However, worryingly, most parents (63%) believed remote learning caused their child to fall behind.
While the study focused ...
Yale researchers have devised a way to peer into the brains of two people simultaneously while are engaged in discussion. What they found will not surprise anyone who has found themselves arguing about politics or social issues.
When two people agree, their brains exhibit a calm synchronicity of activity focused on sensory areas of the brain. When they disagree, however, many other regions of the brain involved in higher cognitive functions become mobilized as each individual combats the other's argument, a Yale-led research team reports Jan. 13 in the journal Frontiers of Human Neuroscience.
"Our entire brain ...
A loss of biodiversity and accelerating climate change in the coming decades coupled with ignorance and inaction is threatening the survival of all species, including our very own, according to the experts from institutions including Stanford University, UCLA, and Flinders University.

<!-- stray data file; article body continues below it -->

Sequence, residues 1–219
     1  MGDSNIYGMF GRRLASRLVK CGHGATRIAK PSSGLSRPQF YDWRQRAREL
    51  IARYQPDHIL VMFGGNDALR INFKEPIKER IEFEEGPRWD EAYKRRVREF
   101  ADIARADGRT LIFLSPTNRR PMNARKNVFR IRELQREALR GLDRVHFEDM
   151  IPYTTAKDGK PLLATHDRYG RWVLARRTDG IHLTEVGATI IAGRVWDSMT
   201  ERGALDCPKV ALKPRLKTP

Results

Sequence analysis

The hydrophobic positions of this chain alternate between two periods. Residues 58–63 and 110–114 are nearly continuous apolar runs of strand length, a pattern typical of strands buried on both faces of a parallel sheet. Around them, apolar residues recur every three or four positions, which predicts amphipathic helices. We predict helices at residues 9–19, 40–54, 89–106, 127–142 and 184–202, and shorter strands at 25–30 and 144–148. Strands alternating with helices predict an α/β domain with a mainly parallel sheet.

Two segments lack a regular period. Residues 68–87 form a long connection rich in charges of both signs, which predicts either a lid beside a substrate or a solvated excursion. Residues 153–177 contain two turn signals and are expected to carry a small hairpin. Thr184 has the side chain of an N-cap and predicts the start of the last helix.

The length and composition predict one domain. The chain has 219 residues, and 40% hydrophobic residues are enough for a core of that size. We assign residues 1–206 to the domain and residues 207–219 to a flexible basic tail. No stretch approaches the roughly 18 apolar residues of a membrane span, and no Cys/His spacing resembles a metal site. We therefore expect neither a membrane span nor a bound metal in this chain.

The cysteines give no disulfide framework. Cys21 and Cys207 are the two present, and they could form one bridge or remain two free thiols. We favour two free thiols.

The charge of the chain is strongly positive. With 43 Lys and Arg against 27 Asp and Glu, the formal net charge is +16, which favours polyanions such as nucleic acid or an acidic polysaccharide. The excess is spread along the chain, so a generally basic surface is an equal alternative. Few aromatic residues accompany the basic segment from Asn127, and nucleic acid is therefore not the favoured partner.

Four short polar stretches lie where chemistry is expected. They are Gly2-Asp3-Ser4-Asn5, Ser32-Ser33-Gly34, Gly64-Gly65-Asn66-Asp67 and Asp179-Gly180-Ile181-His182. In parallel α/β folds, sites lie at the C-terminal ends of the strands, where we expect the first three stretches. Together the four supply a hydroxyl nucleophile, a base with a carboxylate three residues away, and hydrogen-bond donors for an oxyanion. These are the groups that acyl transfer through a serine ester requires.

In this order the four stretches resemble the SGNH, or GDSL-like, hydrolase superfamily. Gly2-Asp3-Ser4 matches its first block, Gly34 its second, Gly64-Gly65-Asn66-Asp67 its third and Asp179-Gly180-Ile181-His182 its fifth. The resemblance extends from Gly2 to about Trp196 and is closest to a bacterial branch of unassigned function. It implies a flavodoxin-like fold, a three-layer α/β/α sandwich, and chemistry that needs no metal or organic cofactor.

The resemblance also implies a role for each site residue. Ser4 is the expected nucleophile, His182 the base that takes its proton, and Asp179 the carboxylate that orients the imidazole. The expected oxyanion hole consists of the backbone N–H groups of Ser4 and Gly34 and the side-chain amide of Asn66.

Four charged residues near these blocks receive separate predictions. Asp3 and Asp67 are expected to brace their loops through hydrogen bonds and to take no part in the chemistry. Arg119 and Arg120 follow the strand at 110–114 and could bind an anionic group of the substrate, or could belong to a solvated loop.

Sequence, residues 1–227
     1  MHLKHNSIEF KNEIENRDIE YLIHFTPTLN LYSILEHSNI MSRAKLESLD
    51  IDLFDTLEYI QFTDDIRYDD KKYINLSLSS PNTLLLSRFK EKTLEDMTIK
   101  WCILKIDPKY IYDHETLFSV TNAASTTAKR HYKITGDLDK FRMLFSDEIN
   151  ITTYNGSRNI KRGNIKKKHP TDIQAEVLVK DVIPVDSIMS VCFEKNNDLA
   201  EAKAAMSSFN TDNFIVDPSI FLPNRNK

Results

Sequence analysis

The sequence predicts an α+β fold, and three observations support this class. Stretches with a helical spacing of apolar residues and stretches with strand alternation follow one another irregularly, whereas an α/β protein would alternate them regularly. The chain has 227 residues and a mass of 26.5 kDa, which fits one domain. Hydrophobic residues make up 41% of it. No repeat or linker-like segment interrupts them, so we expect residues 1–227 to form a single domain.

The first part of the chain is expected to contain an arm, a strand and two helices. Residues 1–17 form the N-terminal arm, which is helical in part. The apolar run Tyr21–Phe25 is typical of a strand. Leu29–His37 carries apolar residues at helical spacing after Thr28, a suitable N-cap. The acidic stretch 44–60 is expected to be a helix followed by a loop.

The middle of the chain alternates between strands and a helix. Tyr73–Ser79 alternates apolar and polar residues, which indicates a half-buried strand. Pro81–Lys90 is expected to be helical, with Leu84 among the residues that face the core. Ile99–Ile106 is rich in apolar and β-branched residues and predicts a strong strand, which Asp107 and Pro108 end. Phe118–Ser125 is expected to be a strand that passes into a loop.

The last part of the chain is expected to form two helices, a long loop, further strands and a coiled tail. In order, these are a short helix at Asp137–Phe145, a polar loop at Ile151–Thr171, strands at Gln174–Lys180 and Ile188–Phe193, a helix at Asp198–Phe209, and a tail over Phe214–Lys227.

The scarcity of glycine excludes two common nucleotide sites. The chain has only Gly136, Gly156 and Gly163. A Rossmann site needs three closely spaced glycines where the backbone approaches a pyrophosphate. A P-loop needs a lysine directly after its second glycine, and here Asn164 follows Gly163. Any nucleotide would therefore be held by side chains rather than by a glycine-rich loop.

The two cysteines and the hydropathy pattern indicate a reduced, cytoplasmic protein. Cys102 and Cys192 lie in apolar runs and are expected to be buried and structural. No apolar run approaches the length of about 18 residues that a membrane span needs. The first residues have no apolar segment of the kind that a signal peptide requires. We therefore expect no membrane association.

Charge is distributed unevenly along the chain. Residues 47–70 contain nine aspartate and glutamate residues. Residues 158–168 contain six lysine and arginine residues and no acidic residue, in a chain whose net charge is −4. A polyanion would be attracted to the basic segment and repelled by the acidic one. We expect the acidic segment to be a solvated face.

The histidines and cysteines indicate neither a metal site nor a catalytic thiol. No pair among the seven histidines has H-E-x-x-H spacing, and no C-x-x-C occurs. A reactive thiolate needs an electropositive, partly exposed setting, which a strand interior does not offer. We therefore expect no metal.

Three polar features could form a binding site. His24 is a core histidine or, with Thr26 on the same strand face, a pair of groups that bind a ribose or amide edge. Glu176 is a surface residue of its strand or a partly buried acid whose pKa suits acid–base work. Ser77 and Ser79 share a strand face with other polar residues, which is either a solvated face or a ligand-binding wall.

The researchers state that world leaders need a 'cold shower' regarding the state of our environment, both to plan and act to avoid a ghastly future.
Lead author Professor Corey Bradshaw of Flinders University in Australia says he and his colleagues have summarised the state of the natural world in stark form to help clarify the gravity of the human predicament.
"Humanity is causing a ...
Tsukuba, Japan - Work causes so much stress that it's become a global public health issue. Stress's impact on mental and physical health can also hurt productivity and result in economic loss. A new study now finds that working people who regularly take walks in forests or greenspaces may have higher stress-coping abilities.